UN: Palestinian economy could double without Israeli occupation
Development agency report says Israeli confiscation of Palestinian land, water and other natural resources, as well as widespread restrictions on movement, destruction of homes and expansion of settlements were damaging to the Palestinian economy.
In a new report, the United Nations Conference on Trade and Development (UNCTAD) pointed to a long list of ways the Israeli occupation stifled the economies of the West Bank and Gaza Strip, including the confiscation of Palestinian land, water and other natural resources.
The widespread restrictions on the movement of people and goods, destruction of homes, trees and other assets, and the expansion of Israeli settlements were also damaging, it said.
"Without occupation, the economy of the Occupied Palestinian Territory could produce twice the GDP (gross domestic product) it currently generates," the report said.
The economy of the territories grew 3.5 percent last year after shrinking 0.2 percent in 2014, when it was hard-hit by the devastating war in Gaza between Israel and Islamist rulers Hamas and other factions.
Per capita income remains below its pre-2014 level, the report said.
The 2014 Operation Protective Edge killed more than 2,200 Palestinians and 72 on the Israeli side while causing economic losses close to three times the size of Gaza's GDP.
With reconstruction hampered by Israel's blockade and by lagging international aid, 91 percent of damaged houses in Gaza have yet to be rebuilt and 75,000 people remain displaced two years on, UNCTAD said.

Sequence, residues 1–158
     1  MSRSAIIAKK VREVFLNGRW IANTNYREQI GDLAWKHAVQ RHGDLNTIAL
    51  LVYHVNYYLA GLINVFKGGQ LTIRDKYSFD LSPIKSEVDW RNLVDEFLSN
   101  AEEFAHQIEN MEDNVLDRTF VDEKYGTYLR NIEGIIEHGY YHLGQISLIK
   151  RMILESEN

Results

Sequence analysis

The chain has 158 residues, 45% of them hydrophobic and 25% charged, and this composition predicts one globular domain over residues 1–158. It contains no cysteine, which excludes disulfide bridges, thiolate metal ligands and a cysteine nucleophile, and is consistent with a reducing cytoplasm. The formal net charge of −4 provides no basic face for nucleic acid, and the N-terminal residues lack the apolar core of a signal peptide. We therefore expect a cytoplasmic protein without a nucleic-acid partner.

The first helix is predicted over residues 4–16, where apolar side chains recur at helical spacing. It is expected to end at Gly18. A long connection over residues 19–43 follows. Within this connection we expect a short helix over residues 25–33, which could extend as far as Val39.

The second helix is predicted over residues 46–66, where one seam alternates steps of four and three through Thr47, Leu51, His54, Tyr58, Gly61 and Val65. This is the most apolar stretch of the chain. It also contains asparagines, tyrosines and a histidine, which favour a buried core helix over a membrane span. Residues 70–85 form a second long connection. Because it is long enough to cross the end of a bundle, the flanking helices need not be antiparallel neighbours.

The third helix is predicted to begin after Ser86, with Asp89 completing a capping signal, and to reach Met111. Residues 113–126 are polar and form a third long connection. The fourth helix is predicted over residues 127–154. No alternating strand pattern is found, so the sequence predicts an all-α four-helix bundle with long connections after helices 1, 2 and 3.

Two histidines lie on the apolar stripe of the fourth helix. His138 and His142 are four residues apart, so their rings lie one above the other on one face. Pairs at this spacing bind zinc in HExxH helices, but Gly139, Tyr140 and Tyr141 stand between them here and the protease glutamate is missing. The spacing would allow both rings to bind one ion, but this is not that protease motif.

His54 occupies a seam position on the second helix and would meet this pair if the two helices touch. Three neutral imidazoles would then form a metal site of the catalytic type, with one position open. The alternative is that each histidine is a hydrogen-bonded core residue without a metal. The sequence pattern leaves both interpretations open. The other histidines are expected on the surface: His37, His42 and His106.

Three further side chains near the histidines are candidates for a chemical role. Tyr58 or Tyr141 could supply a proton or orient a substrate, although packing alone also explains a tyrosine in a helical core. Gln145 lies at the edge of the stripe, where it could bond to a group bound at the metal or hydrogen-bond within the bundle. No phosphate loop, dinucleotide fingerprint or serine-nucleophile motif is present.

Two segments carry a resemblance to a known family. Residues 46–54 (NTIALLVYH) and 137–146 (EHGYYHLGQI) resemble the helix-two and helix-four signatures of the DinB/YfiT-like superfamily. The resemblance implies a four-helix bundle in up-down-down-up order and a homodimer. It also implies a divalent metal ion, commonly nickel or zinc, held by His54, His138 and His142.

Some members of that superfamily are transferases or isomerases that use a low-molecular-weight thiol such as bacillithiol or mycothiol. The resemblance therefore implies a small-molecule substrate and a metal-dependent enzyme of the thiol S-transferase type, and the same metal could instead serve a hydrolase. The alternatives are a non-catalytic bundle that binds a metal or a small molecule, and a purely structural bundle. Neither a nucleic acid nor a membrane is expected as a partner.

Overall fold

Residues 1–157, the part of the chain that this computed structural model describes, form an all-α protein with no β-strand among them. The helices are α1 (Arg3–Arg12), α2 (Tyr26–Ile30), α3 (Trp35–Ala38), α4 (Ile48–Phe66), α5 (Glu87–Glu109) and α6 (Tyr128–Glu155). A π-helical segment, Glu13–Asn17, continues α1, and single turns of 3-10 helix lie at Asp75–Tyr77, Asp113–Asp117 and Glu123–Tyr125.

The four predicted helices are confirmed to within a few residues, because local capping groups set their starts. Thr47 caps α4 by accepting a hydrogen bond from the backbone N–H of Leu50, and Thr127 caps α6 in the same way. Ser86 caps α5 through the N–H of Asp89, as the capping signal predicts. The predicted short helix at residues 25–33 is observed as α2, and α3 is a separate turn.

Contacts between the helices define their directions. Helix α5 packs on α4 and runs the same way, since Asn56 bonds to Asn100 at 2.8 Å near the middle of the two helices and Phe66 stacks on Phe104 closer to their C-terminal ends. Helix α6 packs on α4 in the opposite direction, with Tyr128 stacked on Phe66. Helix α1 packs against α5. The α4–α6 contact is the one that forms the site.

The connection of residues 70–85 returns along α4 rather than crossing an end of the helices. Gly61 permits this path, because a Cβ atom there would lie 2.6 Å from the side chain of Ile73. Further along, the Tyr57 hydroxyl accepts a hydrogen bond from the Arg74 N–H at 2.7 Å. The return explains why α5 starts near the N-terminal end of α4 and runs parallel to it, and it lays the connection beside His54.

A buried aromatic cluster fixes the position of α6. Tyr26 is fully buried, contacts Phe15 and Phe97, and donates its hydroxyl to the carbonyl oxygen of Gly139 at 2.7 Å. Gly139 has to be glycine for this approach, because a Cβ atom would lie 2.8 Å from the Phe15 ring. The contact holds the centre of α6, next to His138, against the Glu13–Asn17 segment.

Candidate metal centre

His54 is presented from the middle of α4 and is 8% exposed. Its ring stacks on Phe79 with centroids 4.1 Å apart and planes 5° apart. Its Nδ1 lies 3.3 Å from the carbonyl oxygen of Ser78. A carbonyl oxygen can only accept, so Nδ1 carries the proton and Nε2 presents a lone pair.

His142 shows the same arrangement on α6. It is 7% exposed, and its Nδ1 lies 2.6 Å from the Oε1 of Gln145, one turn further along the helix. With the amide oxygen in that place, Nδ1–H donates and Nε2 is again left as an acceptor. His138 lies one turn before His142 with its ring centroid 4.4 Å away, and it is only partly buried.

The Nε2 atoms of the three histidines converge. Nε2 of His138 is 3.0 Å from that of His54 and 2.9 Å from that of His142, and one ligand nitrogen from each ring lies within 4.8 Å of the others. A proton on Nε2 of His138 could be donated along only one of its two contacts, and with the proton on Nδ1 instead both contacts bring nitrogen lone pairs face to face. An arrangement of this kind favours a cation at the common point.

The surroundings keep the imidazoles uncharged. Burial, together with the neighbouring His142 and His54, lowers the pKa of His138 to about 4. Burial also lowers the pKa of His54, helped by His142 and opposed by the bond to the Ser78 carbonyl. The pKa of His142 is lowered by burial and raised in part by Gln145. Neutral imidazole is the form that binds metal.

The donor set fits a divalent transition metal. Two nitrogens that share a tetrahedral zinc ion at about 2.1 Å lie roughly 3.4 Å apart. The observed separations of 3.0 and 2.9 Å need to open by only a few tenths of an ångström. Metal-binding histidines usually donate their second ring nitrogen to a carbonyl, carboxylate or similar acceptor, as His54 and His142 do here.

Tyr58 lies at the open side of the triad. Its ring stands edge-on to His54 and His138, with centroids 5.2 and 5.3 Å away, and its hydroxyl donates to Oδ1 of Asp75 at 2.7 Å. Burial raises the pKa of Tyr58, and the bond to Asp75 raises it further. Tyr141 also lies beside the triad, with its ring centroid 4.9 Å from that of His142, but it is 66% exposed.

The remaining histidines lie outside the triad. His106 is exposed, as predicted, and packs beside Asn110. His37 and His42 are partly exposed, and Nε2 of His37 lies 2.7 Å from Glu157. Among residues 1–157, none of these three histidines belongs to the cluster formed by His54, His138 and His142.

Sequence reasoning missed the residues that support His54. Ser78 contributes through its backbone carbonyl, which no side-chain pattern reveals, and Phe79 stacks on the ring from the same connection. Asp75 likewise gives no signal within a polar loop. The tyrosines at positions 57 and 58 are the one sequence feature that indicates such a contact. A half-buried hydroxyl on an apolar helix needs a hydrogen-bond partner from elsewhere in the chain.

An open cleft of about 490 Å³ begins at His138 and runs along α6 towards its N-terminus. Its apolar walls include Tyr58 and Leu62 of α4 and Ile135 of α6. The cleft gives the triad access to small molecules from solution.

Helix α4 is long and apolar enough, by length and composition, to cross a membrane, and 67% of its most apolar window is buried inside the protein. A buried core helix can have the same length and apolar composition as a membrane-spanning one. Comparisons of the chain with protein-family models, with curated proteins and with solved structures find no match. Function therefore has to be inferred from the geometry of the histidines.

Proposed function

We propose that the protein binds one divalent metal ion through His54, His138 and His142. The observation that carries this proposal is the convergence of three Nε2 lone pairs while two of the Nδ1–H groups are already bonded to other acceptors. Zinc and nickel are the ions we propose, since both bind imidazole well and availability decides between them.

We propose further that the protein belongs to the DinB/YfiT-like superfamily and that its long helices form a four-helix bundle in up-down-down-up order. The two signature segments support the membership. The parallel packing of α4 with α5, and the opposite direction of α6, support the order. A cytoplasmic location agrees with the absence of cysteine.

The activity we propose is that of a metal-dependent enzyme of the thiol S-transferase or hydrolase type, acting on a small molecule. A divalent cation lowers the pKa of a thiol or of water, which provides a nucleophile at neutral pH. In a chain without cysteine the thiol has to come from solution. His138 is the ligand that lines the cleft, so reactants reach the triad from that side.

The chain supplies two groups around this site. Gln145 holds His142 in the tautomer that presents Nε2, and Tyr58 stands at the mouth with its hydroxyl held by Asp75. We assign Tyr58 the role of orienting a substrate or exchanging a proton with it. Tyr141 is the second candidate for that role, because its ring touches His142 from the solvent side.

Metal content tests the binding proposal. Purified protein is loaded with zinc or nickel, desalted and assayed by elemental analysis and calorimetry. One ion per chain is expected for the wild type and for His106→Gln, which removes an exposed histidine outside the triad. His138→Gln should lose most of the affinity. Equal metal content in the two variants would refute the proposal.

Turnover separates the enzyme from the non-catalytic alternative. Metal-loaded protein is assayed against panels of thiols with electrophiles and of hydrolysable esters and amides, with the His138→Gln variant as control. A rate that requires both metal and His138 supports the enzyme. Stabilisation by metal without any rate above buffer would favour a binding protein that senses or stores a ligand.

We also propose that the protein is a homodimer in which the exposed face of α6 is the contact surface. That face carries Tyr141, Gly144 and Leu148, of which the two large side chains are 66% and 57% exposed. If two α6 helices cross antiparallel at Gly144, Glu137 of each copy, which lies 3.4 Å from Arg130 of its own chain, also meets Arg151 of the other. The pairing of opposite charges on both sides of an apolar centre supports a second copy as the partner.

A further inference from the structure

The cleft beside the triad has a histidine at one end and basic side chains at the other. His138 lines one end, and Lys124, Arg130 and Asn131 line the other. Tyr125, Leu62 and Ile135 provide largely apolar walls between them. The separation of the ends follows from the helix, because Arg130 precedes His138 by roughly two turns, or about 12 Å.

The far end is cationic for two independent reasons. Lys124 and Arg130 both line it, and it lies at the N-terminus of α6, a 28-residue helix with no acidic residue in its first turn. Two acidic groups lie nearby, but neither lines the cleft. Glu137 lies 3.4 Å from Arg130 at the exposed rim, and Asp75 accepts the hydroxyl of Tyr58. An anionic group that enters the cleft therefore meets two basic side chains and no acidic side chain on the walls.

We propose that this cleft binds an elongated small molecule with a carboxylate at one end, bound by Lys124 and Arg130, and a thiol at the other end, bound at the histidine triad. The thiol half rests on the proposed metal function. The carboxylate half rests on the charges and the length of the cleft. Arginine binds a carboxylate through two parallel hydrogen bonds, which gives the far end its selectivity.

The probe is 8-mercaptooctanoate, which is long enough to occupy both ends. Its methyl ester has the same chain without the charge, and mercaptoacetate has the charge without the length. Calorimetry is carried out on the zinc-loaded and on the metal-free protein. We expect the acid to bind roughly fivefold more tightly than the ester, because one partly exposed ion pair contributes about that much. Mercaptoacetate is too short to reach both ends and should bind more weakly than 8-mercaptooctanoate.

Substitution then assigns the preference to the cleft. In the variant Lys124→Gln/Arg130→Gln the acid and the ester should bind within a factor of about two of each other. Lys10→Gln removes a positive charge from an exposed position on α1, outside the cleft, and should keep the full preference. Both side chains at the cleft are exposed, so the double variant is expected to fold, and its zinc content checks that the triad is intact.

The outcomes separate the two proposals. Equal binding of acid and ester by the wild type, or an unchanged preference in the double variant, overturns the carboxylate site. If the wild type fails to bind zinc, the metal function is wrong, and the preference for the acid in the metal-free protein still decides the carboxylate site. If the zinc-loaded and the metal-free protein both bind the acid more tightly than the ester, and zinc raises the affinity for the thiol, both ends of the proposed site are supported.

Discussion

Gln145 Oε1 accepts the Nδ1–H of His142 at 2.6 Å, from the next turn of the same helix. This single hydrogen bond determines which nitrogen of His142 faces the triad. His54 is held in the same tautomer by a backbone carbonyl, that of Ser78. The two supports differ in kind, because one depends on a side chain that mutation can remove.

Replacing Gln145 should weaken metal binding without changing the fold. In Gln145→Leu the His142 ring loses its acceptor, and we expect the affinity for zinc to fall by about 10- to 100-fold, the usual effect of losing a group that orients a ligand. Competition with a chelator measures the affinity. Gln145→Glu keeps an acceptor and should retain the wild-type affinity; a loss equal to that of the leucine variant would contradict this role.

UNCTAD also pointed to the dire impact Israel's control of the so-called "Area C," which covers 61 percent of the West Bank and 66 percent of its grazing land.
"It is estimated that the occupation of Area C costs the Palestinian economy the equivalent of 35 percent of GDP" ($4.4 billion in 2015), UNCTAD said in a statement.
Gaza's rising infant mortality
In Gaza meanwhile, producers are unable to access half of the cultivable area due to an Israeli-imposed buffer zone blocking access to land alongside the border fence, and 85 percent of fishery resources due to a maritime blockade, it said.
Israel also widely blocks Palestinians from digging water wells, while confiscating 82 percent of Palestinian groundwater, the agency said.
"The Palestinians are left with no choice but to import their own water from Israel to cover 50 percent of their consumption," it said.
All of this combined has "generated permanent crises of unemployment, poverty and food insecurity," UNCTAD said.
Officially, one quarter of the population in the Palestinian territories is unemployed, while the rate in Gaza is 38 percent, but these figures are likely to significantly underestimate the problem, UNCTAD said.
"A shocking indicator of the grim situation in Gaza is the rising infant mortality rate, ... (which) has risen for the first time in 50 years," the report said.
The neonatal mortality rate nearly doubled between 2008 and 2013, from 12 to 20.3 deaths for every 1,000 live births, it said.
Israel's Ambassador to the UN Danny Danon charged that "the UN report is filled with half-truths and vicious lies against the State of Israel. I call on the UN secretary-general to reject the conclusions of the report, as they are an ugly distortion of the truth."
Israel's delegation to the UN said the report was part of a campaign by the Palestinian leadership to move the conflict to the international arena, where they could reach diplomatic achievements without having to negotiate with Israel.
"The Palestinians must not be allowed to take over the UN's agencies and divert them of their original purpose—working for the betterment of the world—thus turning them into ‘lie machines’ that accuse Israel of everything imaginable," Danon said.
"The UN secretary-general must make it clear that continuing to spread lies against Israel will lead to a serious and painful cutback in the budget of the agency preparing the report," he added.
Itamar Eichner contributed to this report.